An Escape from Bullying

Children cannot learn when they are in an unsafe environment and bullying is a major reason why families seek educational options. Education Savings Accounts (ESAs) would give families an escape hatch.

In the last several days videos were published showing two fights between students at Salem High School. An Eagle Tribune article states that three fights at the high school were reported to police in the last six weeks. Students and a teacher report that a fourth fight occurred on Friday, October 13th. The Salem Police Chief said that the number of incidents is not unusual at the school. A parent of a sophomore said Salem High School is developing a “fight club” environment.

Unfortunately bullying is not isolated to one NH school district. Last month an Oyster River elementary student was harassed on the school bus with racist remarks and physical contact.

Sadly, bullying is not a rare experience. The National Center for Education Statistics and Bureau of Justice Statistics revealed in the 2014-2015 School Crime Supplement that 21% of students aged 12 to 18 experienced bullying. Similarly, the 2015 Youth Risk Behavior Surveillance System, administered through the Centers for Disease Control and Prevention, indicates that 20% of students in 9th through 12th grade report being bullied on school property in the 12 months preceding the survey.

Per the New Hampshire Department of Education’s 2014-2015 Bullying Report, the most recent report available, there were 2,230 incidents of bullying including cyber bullying reported across the Granite State’s elementary, middle, and high schools.  It also indicates there were 1,201 incidents of investigated and actual bullying that school year. The DOE states that 306 of these incidents interfered with the victim’s educational opportunities.

These are staggering numbers considering many incidents are never reported. Using national studies, experts estimate that 50% of children who experience cyber bullying never report the problem to their parents. They also state that less than 10% of children inform someone about the bullying and 8% miss one day of school per month because of the bullying. All too often bullying goes unreported and has major impacts on the victims and their learning environments.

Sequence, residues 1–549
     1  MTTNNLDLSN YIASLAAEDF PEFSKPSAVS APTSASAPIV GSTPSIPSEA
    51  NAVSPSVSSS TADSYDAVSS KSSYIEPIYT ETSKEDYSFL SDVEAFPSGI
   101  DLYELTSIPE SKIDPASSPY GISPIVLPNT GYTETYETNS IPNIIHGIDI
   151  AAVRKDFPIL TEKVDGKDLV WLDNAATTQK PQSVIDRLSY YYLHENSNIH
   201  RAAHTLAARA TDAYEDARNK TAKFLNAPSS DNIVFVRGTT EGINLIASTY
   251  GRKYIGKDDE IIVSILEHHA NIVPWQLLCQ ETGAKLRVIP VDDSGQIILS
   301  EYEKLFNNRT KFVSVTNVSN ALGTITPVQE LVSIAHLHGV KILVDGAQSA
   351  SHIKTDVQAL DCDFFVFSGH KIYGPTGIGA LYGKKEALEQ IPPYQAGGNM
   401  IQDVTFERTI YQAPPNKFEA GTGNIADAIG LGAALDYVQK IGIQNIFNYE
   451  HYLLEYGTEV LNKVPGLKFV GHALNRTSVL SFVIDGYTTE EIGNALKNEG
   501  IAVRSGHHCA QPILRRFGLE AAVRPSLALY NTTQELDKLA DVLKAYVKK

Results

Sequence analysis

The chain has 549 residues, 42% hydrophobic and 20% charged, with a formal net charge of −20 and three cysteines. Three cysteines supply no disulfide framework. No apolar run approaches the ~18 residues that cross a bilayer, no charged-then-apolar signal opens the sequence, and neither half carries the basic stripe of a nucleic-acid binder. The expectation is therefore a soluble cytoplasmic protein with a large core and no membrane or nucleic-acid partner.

Parenting NH Magazine spoke with Carol Croteau, a parent and founder of Bully Free NH, about the 2014-2015 DOE report and she stated, “I still believe there is under-reporting by schools and cases that clearly fit the definition of the law are not being declared as bullying by school staff.” Districts might also be less motivated to support bullying and abuse victims for fear of legal actions.

New Hampshire created the Pupil Safety and Violence Prevention statute, RSA 193-F, in 2000 and the law was expanded in 2010 to specifically include bullying and cyber bullying. Unfortunately, bullying continues to be a pervasive problem in our schools.

Children need alternatives and educational options can provide an escape from bullying.

Even the best schools cannot meet a child’s needs if a student is bullied.  In a nationwide study, EdChoice found that families indicate safety is a primary reason they want educational options.